Friday, March 21, 2014


I saw the movie, God's Not Dead  this evening, and even though I disagree with many elements in the movie, it is a good film, perhaps even an excellent film.  I also like the fact that the screenplay and production of the movie were purportedly motivated by the “persecution” of Christian-oriented student groups on college campuses.  It seems like every other belief system is tolerated in the secular scene but Christianity.

Unfortunately, the film seems to polarize any and everyone who is not a Born Again Christian and that was distressing, very distressing to me.  Any other religious sect or belief system was either discredited directly or by innuendo. Born again Christians are good guys and saved, and the rest of us are selfish, narcissistic, atheists and bordering on being outright evil and slaves of Satan.  The dubbing (as in knighting) of the Duck Dynasty folks as spokespeople for Christianity really through me for a credibility loop.

The story line, a debate between a philosophy professor and a student over the existence of God would have been equally powerful without polarizing ALL of God’s people into two  groups. The film not only seemed to discount any other religion or faith but seemed to imply that people who do not believe in Jesus will face a certain bad fate.  They took the typical theme of most stories, good versus evil, and boxed it into Born Again Christians versus the rest of the world.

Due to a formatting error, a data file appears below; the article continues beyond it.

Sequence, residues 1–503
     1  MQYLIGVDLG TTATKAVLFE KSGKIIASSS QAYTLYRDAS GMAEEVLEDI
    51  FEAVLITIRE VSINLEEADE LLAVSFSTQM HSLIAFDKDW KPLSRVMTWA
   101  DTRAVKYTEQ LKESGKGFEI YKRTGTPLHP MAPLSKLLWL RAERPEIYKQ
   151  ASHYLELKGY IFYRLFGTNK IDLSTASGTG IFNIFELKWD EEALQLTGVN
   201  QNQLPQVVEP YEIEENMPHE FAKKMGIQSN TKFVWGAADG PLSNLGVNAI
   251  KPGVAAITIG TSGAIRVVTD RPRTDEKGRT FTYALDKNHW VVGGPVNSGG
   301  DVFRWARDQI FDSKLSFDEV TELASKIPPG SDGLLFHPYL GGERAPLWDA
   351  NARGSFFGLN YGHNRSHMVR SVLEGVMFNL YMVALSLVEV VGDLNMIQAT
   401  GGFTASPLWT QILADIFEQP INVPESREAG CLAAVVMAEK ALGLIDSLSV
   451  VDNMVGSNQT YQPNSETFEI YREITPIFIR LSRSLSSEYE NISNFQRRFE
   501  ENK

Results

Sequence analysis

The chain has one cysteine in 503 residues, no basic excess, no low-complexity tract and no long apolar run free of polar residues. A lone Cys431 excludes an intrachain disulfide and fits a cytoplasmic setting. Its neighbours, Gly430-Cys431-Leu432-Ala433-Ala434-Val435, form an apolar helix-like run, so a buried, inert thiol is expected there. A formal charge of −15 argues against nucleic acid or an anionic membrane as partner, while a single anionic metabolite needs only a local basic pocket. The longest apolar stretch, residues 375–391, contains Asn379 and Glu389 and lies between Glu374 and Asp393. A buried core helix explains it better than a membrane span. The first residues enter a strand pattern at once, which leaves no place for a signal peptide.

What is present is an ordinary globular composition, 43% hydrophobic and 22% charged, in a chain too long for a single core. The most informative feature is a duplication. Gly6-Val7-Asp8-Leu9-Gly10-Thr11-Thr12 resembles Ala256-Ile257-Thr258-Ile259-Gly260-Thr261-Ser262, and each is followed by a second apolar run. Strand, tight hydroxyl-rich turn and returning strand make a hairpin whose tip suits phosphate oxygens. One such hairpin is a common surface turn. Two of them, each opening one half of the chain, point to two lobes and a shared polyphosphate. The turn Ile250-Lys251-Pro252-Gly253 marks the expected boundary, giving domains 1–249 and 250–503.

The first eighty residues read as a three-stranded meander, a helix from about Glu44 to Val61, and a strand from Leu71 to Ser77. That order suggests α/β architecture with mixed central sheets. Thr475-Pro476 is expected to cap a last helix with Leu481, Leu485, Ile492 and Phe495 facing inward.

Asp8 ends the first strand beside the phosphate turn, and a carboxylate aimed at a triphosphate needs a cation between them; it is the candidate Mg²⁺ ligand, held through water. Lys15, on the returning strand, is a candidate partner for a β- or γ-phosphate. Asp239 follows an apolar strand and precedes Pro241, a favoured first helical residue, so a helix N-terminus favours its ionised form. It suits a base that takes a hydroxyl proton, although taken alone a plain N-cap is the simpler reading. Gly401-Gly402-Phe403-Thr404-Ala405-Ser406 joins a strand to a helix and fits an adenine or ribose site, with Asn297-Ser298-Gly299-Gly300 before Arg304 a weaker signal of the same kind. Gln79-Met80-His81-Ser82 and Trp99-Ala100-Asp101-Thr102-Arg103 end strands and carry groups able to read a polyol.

As a philosophy major in the mid to late 60's at a Catholic seminary, I am very familiar with the God is dead THEOLOGICAL movement of that era, and the film never informed the viewing audience what that phrase really meant probably because the film makers do not know themselves.  The God is dead movement of the 60's actually decried the loss of the sacred in our society.  “...modern secular culture had lost all sense of the sacred, lacking any sacramental meaning, no transcendental purpose, or sense of providence.” (Gabriel Vahanian, God Is Dead )

Sadly, the phrase “God is dead” was portrayed erroneously in the movie, which for someone like myself tends to tarnish the film and makes me question what the real intent of the film is.

The debate between the freshman college student and the Philosophy professor is absolutely brilliant.  Although, I was surprised that the script writers did not reference Einstein who has a lot to say about the existence of God.

The scene when the mother with Alzheimers has a moment of clarity and shares a Scripture passage with her angry and disillusioned adult son and then reverts back to not knowing who he is, is very poignant.  And the reoccurring theme of synchronicity, God acting in our lives in unsuspecting and mysterious ways, is exquisite and funny. Unfortunately, the scene depicting the middle Eastern father, who loves his daughter dearly but physically abuses and throws her out of the house for her conversion to Christianity, although well-done from a dramatic perspective, was a tad scary to me, and, as real as that religious-cultural clash is, and as real as that scene is, it made me question the overall agenda of the film.  We do not need to become Crusaders.    

Despite my criticisms, it is a movie well-worth watching and will stir inside you some discomfort and self examination about how far you are willing to go to not only live your faith, but be willing to tell folks, who do not believe in God, that you do.  And if you have somehow been wounded in your relationship with God, it may provide an impetus for healing. Unfortunately, the polarization may also only deapen the wound.